Above image: Chicken soup and kreplach, a traditional pre-Yom Kippur fast delicacy
Since Yom Kippur is a warm-weather 25-hour fast, it’s a challenge. A person could be especially susceptible to headaches, extreme weakness, dehydration and hypoglycemia. During a long fast, blood-sugar levels can fall dangerously low. But, with a few precautions and proper preparation, the dangers can be avoided and the fast can actually be safe and healthy. Here’s the practical advice you need for a meaningful and healthy Yom Kippur. You’ll be free to focus on your soul without any bodily suffering that gets in the way.
Before the fast:
- 24 hours before the beginning of the fast, try drinking a glass of water during every hour that you’re awake.
- On the day before the fast, eat salty natural foods like olives and goat cheese. These are all the foods that people with edema avoid, for they help retain fluid and therefore prevent dehydration. To avoid thirst, stop eating these foods 12 hours before the fast begins, namely all day until sundown.
- Avoid sugary and starchy foods in the meal before the fast, for they have a high glycemic index (GI) and therefore cause a deeper plunge in blood sugar levels shortly after eating (see adjacent graphic).
- Eat plenty of good quality protein – eggs, fish and high quality pasture-fed (organic, if available) beef and poultry. Protein is satiating and will provide slow-release energy during the fast. These are complex food stuffs that require longer time to digest.
- Stay away from coffee and caffeine for 24 hours before the beginning of the fast. Drink herb tea instead and plenty of water.
- My favorite rule of thumb is to focus on eating foods that are as unprocessed as possible. Natural foodstuffs make the coming fast easier and healthier. They also promote better blood sugar balance and better digestion, both of which lead to better weight control.
- 5 hours before the fast, eat a bowl of chicken soup – not the instant variety, but natural broth cooked from chicken bones.
- 2 hours before the beginning of the fast, eat a leisurely meal. Eat slow and chew well. Begin with a leafy salad and either whole-grain or spelt bread or challas. The main course should consist of outstanding protein, such as boiled, baked or broiled chicken or turkey breast, with a cooked vegetable and a side dish of quinoa, buckwheat or whole-grain rice. Do not overeat, for that will ruin digestion and make fasting all the more difficult. For desert, eat a portion of watermelon. Finish eating an hour before the fast. 15 minutes before the fast, brush your teeth and drink a final glass of water.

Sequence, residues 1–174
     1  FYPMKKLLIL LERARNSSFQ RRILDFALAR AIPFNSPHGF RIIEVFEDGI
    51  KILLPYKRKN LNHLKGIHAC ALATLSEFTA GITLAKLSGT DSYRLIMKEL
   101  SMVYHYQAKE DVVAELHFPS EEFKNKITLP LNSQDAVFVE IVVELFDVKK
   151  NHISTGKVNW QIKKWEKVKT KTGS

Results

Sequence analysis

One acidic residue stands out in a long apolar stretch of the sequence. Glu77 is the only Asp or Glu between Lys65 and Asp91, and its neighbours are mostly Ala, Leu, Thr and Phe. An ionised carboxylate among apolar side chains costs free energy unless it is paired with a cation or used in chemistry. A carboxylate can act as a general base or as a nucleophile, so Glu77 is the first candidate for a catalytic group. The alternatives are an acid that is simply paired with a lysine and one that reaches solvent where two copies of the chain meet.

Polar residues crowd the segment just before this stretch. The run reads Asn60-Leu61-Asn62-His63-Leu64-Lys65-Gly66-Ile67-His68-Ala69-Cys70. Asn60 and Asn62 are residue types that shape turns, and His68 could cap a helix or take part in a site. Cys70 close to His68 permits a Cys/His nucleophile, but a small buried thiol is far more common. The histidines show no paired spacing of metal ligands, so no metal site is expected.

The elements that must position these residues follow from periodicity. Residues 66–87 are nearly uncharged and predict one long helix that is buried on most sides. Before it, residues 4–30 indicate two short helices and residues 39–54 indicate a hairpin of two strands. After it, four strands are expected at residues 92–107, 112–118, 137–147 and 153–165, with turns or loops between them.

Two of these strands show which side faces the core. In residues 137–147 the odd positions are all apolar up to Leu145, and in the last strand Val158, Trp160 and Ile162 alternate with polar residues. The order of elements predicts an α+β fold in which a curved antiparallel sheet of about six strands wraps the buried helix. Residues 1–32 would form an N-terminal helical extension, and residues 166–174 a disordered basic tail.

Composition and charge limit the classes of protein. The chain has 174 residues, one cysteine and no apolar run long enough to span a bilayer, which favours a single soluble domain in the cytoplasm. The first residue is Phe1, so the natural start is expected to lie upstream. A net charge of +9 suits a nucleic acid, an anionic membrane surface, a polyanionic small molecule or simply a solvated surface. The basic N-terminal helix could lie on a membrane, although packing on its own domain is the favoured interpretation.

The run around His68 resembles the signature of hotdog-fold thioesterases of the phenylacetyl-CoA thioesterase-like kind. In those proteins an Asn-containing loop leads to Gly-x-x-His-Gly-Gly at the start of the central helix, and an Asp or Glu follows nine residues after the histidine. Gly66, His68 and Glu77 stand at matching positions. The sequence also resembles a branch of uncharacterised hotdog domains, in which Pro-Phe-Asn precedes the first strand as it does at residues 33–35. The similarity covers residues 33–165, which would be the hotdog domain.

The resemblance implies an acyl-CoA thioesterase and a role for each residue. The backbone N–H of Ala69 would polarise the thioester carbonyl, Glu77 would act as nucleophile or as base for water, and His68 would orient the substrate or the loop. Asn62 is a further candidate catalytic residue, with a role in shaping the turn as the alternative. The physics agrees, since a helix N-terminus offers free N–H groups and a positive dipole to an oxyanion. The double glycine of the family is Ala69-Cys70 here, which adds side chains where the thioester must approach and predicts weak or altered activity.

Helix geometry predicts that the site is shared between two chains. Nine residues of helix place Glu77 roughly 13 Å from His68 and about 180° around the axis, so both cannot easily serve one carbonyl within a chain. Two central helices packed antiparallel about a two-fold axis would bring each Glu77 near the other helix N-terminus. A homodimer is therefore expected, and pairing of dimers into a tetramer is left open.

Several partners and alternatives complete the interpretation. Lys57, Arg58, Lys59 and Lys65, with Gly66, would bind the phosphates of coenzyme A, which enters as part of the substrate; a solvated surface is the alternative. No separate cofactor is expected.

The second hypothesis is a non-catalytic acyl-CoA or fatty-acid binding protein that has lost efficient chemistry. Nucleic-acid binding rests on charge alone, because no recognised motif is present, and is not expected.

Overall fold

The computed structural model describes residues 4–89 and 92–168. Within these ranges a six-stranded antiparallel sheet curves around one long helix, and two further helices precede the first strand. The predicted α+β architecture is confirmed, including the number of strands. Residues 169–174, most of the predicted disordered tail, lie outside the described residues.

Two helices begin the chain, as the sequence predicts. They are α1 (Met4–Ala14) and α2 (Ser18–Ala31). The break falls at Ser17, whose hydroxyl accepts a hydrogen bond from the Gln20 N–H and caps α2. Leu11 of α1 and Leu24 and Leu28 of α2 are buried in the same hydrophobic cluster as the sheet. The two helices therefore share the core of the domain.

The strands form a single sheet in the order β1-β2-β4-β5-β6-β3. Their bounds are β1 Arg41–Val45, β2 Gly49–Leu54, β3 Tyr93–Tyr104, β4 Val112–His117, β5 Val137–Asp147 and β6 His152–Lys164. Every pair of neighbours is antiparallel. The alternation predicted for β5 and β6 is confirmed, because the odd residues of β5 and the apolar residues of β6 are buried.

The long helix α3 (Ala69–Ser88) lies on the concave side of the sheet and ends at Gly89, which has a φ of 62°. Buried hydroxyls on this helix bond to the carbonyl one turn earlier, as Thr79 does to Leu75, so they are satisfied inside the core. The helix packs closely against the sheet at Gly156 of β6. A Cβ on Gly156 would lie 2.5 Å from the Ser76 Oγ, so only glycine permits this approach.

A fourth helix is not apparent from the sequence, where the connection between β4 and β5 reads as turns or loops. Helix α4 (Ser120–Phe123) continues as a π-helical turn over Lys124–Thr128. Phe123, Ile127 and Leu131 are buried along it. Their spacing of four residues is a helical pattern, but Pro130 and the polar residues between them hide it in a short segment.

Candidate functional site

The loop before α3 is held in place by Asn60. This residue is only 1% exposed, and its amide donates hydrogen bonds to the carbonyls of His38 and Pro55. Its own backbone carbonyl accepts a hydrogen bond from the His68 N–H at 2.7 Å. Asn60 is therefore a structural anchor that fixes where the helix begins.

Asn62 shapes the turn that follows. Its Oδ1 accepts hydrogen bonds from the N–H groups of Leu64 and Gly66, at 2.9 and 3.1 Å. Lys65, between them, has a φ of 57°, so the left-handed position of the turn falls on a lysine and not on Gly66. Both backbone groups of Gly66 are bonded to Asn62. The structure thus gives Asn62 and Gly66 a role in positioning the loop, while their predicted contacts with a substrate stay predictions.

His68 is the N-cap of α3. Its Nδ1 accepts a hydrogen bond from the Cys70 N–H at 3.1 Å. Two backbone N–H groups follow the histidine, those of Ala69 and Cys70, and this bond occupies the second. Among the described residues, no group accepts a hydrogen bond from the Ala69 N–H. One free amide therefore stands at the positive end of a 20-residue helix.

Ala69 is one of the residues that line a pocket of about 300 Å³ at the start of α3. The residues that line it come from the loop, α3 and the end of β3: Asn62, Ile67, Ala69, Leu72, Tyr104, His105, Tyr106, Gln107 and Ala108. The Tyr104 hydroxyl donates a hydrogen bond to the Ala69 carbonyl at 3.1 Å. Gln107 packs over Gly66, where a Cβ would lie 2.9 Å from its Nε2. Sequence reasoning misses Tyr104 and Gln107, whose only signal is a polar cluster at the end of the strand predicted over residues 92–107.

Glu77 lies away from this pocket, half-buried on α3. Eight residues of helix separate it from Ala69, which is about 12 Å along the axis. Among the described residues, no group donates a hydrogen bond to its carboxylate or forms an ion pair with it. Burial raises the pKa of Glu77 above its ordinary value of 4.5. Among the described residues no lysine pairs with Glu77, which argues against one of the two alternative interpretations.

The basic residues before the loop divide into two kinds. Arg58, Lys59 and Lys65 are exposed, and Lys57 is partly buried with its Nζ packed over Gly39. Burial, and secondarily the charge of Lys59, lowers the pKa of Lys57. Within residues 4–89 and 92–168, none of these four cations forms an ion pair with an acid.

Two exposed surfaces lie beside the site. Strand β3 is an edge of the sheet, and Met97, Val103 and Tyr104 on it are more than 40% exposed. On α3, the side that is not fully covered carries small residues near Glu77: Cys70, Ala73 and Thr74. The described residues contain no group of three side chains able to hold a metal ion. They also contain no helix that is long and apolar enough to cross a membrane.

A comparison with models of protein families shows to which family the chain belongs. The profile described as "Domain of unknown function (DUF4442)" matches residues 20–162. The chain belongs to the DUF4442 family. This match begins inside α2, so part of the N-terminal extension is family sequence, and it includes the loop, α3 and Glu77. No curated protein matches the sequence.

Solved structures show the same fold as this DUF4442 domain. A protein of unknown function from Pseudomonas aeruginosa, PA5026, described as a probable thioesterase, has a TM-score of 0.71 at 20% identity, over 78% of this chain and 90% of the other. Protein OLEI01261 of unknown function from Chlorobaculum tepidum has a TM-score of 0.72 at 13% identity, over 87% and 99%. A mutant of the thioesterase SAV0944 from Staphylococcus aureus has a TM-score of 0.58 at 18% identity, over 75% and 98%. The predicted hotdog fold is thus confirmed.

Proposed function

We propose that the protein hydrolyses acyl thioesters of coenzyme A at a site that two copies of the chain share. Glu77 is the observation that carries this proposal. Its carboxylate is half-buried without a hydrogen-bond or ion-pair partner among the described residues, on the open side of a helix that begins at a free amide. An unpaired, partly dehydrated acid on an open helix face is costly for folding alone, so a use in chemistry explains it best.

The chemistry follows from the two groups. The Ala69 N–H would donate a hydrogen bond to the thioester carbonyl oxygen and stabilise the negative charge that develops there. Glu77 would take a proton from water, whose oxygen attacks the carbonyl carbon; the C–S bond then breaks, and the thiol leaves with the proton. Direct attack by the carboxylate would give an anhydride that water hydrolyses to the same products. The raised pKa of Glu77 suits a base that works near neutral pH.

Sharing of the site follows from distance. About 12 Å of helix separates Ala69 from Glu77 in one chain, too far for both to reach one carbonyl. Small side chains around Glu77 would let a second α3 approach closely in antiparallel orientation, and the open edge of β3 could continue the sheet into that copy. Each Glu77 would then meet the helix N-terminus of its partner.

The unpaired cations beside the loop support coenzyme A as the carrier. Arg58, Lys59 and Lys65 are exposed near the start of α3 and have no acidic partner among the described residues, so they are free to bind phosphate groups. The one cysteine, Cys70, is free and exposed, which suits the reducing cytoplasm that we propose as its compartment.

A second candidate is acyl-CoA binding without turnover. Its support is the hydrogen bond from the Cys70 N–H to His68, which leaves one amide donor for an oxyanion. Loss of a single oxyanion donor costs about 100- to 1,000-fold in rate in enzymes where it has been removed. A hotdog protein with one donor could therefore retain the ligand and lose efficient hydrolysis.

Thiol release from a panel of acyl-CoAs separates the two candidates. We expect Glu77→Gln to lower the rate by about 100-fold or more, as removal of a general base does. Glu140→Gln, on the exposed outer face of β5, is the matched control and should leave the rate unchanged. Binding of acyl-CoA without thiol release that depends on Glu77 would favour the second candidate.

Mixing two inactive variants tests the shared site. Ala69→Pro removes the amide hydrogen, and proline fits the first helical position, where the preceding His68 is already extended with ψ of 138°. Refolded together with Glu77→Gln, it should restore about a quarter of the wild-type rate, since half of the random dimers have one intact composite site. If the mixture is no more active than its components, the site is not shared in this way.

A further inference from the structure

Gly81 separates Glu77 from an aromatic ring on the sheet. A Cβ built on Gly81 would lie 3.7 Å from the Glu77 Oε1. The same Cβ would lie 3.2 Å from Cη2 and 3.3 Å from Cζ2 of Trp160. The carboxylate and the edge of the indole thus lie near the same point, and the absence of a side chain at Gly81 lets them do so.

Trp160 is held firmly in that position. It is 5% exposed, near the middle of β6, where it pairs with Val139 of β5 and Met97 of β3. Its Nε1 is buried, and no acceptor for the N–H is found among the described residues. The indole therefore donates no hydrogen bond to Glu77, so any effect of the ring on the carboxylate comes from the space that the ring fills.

After the fast:
Be careful, for after the fast, your blood sugar levels are at their lowest. The worst thing you can do (a cardinal nutrition sin that many congregations commit) is to dive into the soft drinks, fruit juices and pastries that many congregations serve the moment the fast is over. This drives blood sugar through the roof and creates a shock to the body that could actually trigger diabetes, Heaven forbid. What’s more, drastic rises and falls in blood sugar cause headaches, nausea and fatigue. In order to avoid this, takes the following precautions:
- Break your fast with a glass of ice-water and high-fiber foods such as celery sticks, homemade low-sugar oatmeal cookies or whole grain/bran crackers.
- Add to the above a portion of protein, such as cottage cheese or goat cheese, which will also slow the rise of your blood sugar level.
- Avoid all sugary substances, soft drinks, fruit juices, cakes and pastries – these are downright dangerous at the end of a fast.
- Drink at least 2 glasses of water an hour for the first 4 hours after the fast. This will replenish the body’s fluids and slow the increase of blood sugar levels.
- Don’t eat a heavier meal until at least an hour after breaking your fast in the above manner; preferably, do some light exercise like taking a 30-minute walk or beginning to build your Succah before having a heavier meal.
Feel free to pass the above advice along to friends and family. Even better, send them this link so that they can subscribe to our weekly newsletter. We have no doubt that the above tips will not only make your fast more bearable, but safe and healthy as well! Every blessing, LB
Rabbi Lazer Brody is also a certified holistic nutritionist, health coach and fitness trainer.
7 comments on “Tips for a Safe and Healthy Yom Kippur Fast Day”
by Elicio Perez
Great advice Rav! Thank you and Shana Tova!
Wonderful and intelligent advice
Dear Rabbi Brody,
I will follow your instructions. Shana Tova to you and yours and may your fast be easy.
5783 May we soon see Meshia,
This is just amazing! This is why I love Rabbi Brody ❤️
Took this wonderful advice. This is the first year I didn’t get a massive headache. I will be sharing this with more people.